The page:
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J. Esteve, L. Campello, R. Bru-Martínez, M.-T. Herrero, N. Cuenca, J. Martín-Nieto; Differential Expression of Proteins in the Retina of Parkinsonian Monkeys: A Proteomics Approach. Invest. Ophthalmol. Vis. Sci. 2008;49(13):3991.
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Systemic injection of MPTP to monkeys elicits the appearance of a parkinsonian syndrome including a set of morphological and functional impairments in the retina. The etiology of idiopathic Parkinson’s disease has been associated with intracellular neuronal oxidative damage. Here we have undertaken a proteomics approach in order to identify proteins differentially expressed in the retina of MPTP-treated, parkinsonian monkeys.
Monkeys (Macaca fascicularis) were treated for 2-3 years with MPTP (0.3 mg/kg, i.v.) and then left untreated for 1 additional year. Proteins were solubilized from the neural retinas of control and MPTP-treated animals, labeled with different fluorophores and run pairwise on DIGE gels. Polypeptides showing statistically-significant differences in their expression levels were excised from preparative 2D gels, trypsinized and subjected to MALDI-TOF mass spectrometry analysis. Protein database interrogation was performed by using the MASCOT search engine.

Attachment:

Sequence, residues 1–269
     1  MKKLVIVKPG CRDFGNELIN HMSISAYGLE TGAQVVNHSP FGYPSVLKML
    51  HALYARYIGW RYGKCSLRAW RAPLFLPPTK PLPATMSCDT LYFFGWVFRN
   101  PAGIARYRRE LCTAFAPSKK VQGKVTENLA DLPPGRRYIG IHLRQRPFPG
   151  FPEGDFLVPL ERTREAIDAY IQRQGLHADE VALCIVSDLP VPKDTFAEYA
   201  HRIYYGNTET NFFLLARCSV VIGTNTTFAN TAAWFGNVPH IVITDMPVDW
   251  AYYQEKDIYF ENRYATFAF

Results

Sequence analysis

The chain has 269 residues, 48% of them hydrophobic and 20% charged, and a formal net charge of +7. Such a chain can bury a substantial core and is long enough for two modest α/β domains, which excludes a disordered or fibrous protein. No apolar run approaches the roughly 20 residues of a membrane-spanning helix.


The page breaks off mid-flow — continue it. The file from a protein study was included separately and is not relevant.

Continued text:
Out of over 700 protein spots resolved on 2D DIGE gels, ca. 30 polypeptides were detected to show a significant underexpression in the parkinsonian monkey retina, whereas one polypeptide was found overexpressed. Their peptide mass fingerprints obtained by MALDI-TOF were used to search the NCBInr database. A number of the identified differentially-expressed polypeptides corresponded to proteins involved in NO toxicity and cellular energy metabolism.
We have identified in the MPTP monkey model of idiopathic Parkinson’s disease a set of retinal proteins showing abnormal expression levels in comparison with healthy subjects, in most cases being downregulated. A number of them could be related to an impairment in energy metabolism and oxidative damage, in keeping with one of the prevalent molecular mechanisms underlying the etiology of parkinsonism.
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